In his report, the Special Rapporteur provides a definition of the proposed crime against humanity wherein gender apartheid would be understood as “the commission of an inhumane act in the context of an institutionalized regime of systematic oppression and domination by one gender group over another gender group or groups, with the intention of maintaining that regime,” and notes that  efforts towards a Draft Crimes Against Humanity Convention could open a door to a formal recognition of the crime, through an amendment to the definition of apartheid contained in Rome Statute Article 7(1)(j).

The Special Rapporteur underscores that the crime of apartheid recognizes the broad spectrum of potential victims, which is to say all those subjected to an inhumane act because of their resistance to an institutionalized regime of systematic oppression and domination: “In Afghanistan, victims of inhumane acts committed with the intent of maintaining the Taliban’s institutionalized gender oppression include not only women, girls, and LGBTQIA+ persons, but also men and boys, including because of active, allied resistance or for failing to police the conduct of ‘their’ women and girls.”

It is the authors’ conviction that a standalone crime of gender apartheid will provide the appropriate legal mechanisms to hold the Taliban accountable for the totality of their crimes by covering a wider scope of acts by adequately encompassing the nature of the crimes committed in situations like the Taliban-controlled Afghanistan. We reiterate the view of the Special Rapporteur that the codification of the crime of gender apartheid would not only “strengthe[n] the normative framework of international law, [but] recognition of the crime against humanity of gender apartheid would more profoundly underscore the duty of the States to take effective action to prevent and punish the practice.”

The Special Rapporteur’s report has been well received and overwhelmingly supported by Afghan civil society—including a supportive statement from Human Right Watch’s women’s rights researcher that States consider codifying gender apartheid and joint videos from leading Afghan women’s rights defenders in support. During the interactive dialogue of the Human Rights Council’s session, the Asian Forum for Human Rights and Development stated, “No words come close to describing the level of repression against women other than gender apartheid.” The Women’s International League for Peace and Freedom maintained, “The international community has a legal and moral duty to stand firm against gender apartheid and to hold the Taliban accountable for its crimes.” Welcoming the Special Rapporteur’s report, the Armanshahr Foundation/Open Asia, a member organization of the International Federation for Human Rights, indicated that the report “echoes our grave concerns over the nature and prevalence of the violations that are systematically committed in the country.” They further agreed with the Special Rapporteur’s assessment that it is high time for codification of gender apartheid under international law and maintained that the “ongoing negotiations for the treaty on crimes against humanity provide an opportunity to [codifying gender apartheid]. It would send a strong message to all, including the Taliban that the oppression of women and girls will not be tolerated.”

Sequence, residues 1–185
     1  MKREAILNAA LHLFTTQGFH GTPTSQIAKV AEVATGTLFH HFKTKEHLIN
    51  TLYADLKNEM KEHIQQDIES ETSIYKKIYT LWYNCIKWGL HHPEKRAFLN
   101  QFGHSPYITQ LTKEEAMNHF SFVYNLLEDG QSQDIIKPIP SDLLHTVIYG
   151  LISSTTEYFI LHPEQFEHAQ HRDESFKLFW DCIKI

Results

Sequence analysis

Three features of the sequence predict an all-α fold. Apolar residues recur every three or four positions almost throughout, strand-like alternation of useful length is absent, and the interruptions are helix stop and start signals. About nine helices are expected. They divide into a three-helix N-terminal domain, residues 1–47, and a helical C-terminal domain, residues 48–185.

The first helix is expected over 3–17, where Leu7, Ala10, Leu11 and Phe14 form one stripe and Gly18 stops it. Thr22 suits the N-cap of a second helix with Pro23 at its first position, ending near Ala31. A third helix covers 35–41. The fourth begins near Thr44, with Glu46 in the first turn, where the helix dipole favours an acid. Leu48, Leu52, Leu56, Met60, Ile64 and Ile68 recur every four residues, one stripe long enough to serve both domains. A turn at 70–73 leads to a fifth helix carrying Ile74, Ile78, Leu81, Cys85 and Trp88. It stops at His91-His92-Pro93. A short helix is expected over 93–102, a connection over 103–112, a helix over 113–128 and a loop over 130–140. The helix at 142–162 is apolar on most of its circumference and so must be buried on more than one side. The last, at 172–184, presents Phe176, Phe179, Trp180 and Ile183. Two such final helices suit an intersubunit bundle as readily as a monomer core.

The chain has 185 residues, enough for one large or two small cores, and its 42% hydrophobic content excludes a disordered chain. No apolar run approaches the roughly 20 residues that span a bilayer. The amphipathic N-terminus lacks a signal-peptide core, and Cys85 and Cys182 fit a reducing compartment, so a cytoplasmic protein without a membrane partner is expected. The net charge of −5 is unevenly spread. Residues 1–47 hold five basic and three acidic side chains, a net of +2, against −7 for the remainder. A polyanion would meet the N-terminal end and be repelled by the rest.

Globally, the call for recognition and codification of gender apartheid is swiftly gaining momentum. On June 17, for example, Amnesty International announced its support for codification of gender apartheid under international law. Amnesty International’s Secretary General, Agnes Callamard called for “[…] recognition of gender apartheid under international law to fill a major gap in our global legal framework.”

In October 2024, the U.N. Sixth Committee discussions on the draft crimes against humanity will resume to decide on whether or not to move forward with the formal negotiation of the treaty. This provides a time-sensitive opportunity to urge the Sixth Committee to include gender apartheid in the draft treaty. With this week’s report, the U.N. Special Rapporteur on human rights in Afghanistan has again recognized that the dire situation of women and girls in Afghanistan should be a catalyst for the recognition of gender apartheid, as has a cross-regional group of U.N. member States.

Despite this momentum, there are States who have yet to support moving the crimes against humanity draft treaty to negotiations, or who are reluctant to include gendered crimes. More States should rise to the call and recognize the Taliban’s extreme institutionalized and systematic gender-based oppression as gender apartheid. As the Special Rapporteur concluded: “Compassion for the women and girls of Afghanistan must be matched with action.” Afghanistan’s women and girls deserve no less.

IMAGE: Special Rapporteur on the situation of human rights in Afghanistan Richard Bennett is seen on a TV screen delivering his report during the 52nd UN Human Rights Council session, in Geneva, on March 6, 2023. (Photo by Fabrice COFFRINI / AFP) (Photo by FABRICE COFFRINI/AFP via Getty Images)